A quick trip report for B Boat, Lochaline, Scotland, May 2015 as supplementary to main trip report.
Divers on boat: Paul Shill, Matthew Dodsworth, Stephen Stapleton, Stephen Free, Johny Rangeley, Terry Manton, Ruth Hair, Barry Shaw. Also featuring Bodie the skipper (also known as “nicest man on the planet”) and Joe-forever-asleep-Hair, occasional boat boy.
Tis a long way to Lochaline (pronounced Loch Arrrrlan Johnny, not Lock A Line). Tis a long long way past Loch Long, Loch Lomond and several other Lochs and then a long way further on. Once over the Corran ferry there’s still a lot longer to go, but if you take the little scenic coast road instead of the “main” road it is worth it. This road has grass in the middle of it, deer sprinkled all over it and long breathtaking views of massive mountains that bring tears to your eyes. On arrival therefore, tis worth all the longness as you’d have to go a long way to beat the beautiful setting of the Lochaline dive centre and its annex, The Old Post Office.
After a quick shore dive for some, Joe retired to bed until Monday whilst the rest of us in the B team jumped aboard The Brendan and set off for the Shuna. Twas good to start with this one as it got the man-dive out the way first with the boys enjoying the deep dark silty holds of the big impressive upright vessel whilst the girls amongst us looked forward to prettier things. Back above water, two sea eagles flew past on the short journey to our next dive on the Pelican. This wreck has a rather lovely “clipper” bow for those of us that got down first and found it before the bottom dwellers kicked the silt up, made Johnny get lost in the murk and moan about it a lot. Lunch next in Tobermory after a quick stop at a waterfall to see shags nesting, then on to the Hispania which is the prettiest of pretty dives and much loved by all. It was great to do it on slack as I seem to remember imitating a flag on the way down the shot line on the 2010 trip and spending most of the dive hiding in a hold. This time we saw all of its 70 metres and had it all to ourselves at the end of the dive – magical – even for Terry who forgot to insert his hose in the correct orifice and got several drysuit love bites across his body as a result and blamed Johnny.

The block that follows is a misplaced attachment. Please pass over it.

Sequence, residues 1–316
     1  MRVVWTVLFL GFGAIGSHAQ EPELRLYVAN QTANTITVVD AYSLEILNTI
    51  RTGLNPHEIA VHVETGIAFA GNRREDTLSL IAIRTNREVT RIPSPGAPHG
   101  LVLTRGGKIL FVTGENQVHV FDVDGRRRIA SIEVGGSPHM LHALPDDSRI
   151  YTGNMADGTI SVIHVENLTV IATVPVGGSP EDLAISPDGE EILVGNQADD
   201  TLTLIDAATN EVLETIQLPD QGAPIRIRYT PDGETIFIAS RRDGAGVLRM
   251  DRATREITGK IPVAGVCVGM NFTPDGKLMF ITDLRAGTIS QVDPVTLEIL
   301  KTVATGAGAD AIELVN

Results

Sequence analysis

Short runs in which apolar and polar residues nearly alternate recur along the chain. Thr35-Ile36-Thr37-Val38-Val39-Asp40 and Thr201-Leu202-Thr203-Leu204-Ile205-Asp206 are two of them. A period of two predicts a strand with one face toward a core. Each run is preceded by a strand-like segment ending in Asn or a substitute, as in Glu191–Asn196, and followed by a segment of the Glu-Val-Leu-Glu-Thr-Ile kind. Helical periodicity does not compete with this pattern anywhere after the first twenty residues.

Day 2, the horrors of Eurovision night behind us, our boat headed out for the Rondo which had such good viz you didn’t really need a torch at 35 metres! After a beautiful chilled out safety stop hanging in a huge shoal of Pollock, we filled our tanks once again to a heady 240 bar using the boat’s on board compressor and headed east to the Breda via some Sea Eagles in a nest full of chicks. We were greeted with pretty awesome viz on this sometimes-silty wreck which meant we could all play about in holds n holes to our hearts content. Next up – a quick in-between dive on The Swan – possibly the dive that caused the most laughter on our pot boat – and then a final dive on the Thesis. Poor old Thesis is like some of our dive club members – it’s had a hard time over the winter and is looking a bit frayed round the collapsing edges. Highlight for me however was seeing Paul go up the shot-line so I could be last-man-in-the-water for a change.
Day 3, the sun broke through the cloud, we jumped boat onto The Peregrine and headed out to Coll and Tiree to dive the beautiful Tapti – still one of my favourite UK dives. Minke Whales greeted us on arrival and the dive didn’t disappoint as we ambled from stern to bow enjoying the stunning colours and textures of the wreckage. Seals played on the safety stop and then we had a magical journey home sitting on the bow in the sunshine scanning the sparkling waters for more Minke and the odd porpoise. “Life doesn’t get much better than this” was the general conclusion of those of us sat up there surrounded by all that magnificent scenery.
Thanks to all who made it such a great trip. Check out the dive centres web pages for really good details of all the sites we dived.